Fri, 11/11/2011 - 6:47am
The Conspiracy Game by Christine Feehan

This readalike is in response to a patron's book-match request. If you would like personalized reading recommendations, fill out the book-match form and a librarian will email suggested titles to you. Available for adults, teens, and kids.  You can browse the book matches here.

The Conspiracy Game by Christine Feehan: "GhostWalker Jack Norton is a genetically enhanced telepathic sniper on a mission to rescue his brother in the jungles of the Congo. Then he meets Briony, a beautiful rebel on a mission of her own - and hiding secrets that a shadowy enemy would kill to discover." (Book description)

If you like The Conspiracy Game, a paranormal romance, by Christine Feehan, you may like these selections:


Beyond Control by Rebecca York
When journalist Jordan Walker asks Lindsay Fleming for help investigating a puzzling death, the two feel a connection to each other that is stronger than anything they've ever known. With each new discovery, more questions arise about their mysterious telepathic bond--along with more danger. (Book description, Amazon.com)
 

 

Dark Lover by J.R. Ward
In the shadows of the night in Caldwell, New York, there's a deadly turf war going on between vampires and their slayers. There exists a secret band of brothers like no other-six vampire warriors, defenders of their race. Yet none of them relishes killing more than Wrath, the leader of The Black Dagger Brotherhood.The only purebred vampire left on earth, Wrath has a score to settle with the slayers who murdered his parents
centuries ago. But, when one of his most trusted fighters is killed-leaving his half-breed daughter unaware of his existence or her fate-Wrath must usher her into the world of the undead-a world of sensuality beyond her wildest dreams. (Book description, Amazon.com) Part of the Black Dagger Brotherhood series.

Thu, 11/10/2011 - 3:30am
Olivia Goes to Venice by Ian Falconer

New York Times-bestselling author and illustrator Ian Falconer wrote the first book in the Olivia series after being inspired by his little niece. Since that first book, he has written a handful more starring that mischievous little pig using his signature minimalist style in black and white with a splash of red here and there.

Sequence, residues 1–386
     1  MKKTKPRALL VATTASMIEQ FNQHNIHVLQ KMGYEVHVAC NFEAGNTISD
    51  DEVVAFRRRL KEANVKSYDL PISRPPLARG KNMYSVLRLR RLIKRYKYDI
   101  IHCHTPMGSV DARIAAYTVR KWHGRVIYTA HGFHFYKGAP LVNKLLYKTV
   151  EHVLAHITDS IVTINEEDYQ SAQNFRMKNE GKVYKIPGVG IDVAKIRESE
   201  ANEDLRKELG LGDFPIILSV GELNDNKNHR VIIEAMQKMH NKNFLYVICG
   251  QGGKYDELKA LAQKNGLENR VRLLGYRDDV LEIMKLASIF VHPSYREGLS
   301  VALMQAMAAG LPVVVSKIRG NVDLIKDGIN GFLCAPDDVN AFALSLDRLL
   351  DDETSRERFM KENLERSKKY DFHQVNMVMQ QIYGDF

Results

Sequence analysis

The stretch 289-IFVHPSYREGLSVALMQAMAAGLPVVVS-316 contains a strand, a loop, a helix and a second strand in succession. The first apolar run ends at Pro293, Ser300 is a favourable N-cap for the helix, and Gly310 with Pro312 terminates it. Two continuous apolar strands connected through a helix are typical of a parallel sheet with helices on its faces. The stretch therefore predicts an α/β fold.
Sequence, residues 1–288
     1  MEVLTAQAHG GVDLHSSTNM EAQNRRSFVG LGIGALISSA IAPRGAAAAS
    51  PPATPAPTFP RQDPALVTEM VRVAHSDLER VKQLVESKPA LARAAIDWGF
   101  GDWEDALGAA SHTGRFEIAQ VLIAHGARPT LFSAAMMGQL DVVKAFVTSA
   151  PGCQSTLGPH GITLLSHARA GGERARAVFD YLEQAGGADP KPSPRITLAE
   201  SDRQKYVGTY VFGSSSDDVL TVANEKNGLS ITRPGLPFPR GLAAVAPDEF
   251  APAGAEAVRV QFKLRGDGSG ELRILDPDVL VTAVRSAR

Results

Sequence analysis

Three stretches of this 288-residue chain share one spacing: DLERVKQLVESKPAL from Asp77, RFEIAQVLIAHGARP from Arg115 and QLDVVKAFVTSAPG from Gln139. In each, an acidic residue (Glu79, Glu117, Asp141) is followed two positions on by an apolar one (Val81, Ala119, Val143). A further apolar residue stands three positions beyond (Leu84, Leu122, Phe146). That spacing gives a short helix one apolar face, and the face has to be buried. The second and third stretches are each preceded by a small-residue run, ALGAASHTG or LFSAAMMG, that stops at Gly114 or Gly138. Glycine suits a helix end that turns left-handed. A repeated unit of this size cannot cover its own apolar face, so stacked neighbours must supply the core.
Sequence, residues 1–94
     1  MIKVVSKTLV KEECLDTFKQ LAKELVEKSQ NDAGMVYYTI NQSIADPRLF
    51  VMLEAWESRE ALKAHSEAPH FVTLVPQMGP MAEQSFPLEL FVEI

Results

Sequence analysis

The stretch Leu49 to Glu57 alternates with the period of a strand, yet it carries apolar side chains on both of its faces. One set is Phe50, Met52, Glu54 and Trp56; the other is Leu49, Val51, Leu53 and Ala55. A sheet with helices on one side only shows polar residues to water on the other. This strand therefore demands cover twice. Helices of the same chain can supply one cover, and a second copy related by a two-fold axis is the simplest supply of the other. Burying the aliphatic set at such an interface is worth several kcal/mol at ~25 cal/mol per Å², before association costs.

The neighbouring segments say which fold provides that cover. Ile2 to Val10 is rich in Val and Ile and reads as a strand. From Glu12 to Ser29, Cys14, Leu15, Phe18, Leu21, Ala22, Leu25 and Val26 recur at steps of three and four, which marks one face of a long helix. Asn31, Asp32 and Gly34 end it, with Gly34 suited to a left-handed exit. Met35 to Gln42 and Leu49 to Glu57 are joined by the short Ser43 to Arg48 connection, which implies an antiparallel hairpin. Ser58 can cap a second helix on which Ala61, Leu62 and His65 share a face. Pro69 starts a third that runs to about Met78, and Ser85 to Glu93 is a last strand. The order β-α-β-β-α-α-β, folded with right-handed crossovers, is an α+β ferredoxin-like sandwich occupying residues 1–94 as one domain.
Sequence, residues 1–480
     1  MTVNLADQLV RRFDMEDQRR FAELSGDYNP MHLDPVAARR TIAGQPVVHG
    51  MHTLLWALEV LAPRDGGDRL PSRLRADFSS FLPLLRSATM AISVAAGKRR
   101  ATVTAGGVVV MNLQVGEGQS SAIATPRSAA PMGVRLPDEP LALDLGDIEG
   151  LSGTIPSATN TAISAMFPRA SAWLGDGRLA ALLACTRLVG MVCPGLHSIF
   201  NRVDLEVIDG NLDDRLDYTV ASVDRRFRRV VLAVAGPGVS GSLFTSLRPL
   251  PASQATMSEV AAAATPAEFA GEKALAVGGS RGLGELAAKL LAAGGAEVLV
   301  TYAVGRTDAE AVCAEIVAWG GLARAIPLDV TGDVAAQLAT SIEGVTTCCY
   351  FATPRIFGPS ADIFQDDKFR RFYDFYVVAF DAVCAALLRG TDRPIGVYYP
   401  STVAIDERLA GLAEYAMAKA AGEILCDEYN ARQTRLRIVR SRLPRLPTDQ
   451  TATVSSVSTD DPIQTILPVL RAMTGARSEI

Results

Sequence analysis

Everyone’s favorite black and white pig is back in Olivia Goes to Venice. It’s vacation time, and Olivia is going to Venice with her family. Even before they depart, Olivia shows her fabulous flare and tendency for drama while she’s packing her suitcase with flippers and water skis, “Mother, apparently the city is often under water and –”, and even going through airport security, “As they went through the airport, Olivia was searched for weapons. She was very pleased.”

Wed, 11/09/2011 - 10:31am
The Shame of the Nation by Jonathan Kozol

The Shame of the Nation tries to explain the troubles within America's inner-city schools. Jonathan Kozol--a writer, teacher, and activist--explores 60 different schools in order to see firsthand the physical and mental conditions of America's educational system. There, he finds an epidemic in which school systems allow some students to fall behind the curriculum. He looks at how the country went from separate but equal schools to desegregation and back to segregated schools.

Tue, 11/08/2011 - 10:04am
Nerd Do Well: A Small Boy’s Journey to Becoming a Big Kid by Simon Pegg

While some memoirs are incredibly complex and intrinsically difficult to categorize, most of the ones I’ve read tend to fit in one of two general groups: the experience-driven and the persona-driven. Avi Steinberg’s Running the Books exemplifies the experience-driven category. Steinberg was an unknown when his memoir was published, and that relative obscurity meant that most readers were not drawn to the book because of his persona or celebrity. It was the topic of the autobiography that caught the public’s attention--the fact that this young man had worked in a prison library and found a way to describe the disorienting experience with both clarity and depth.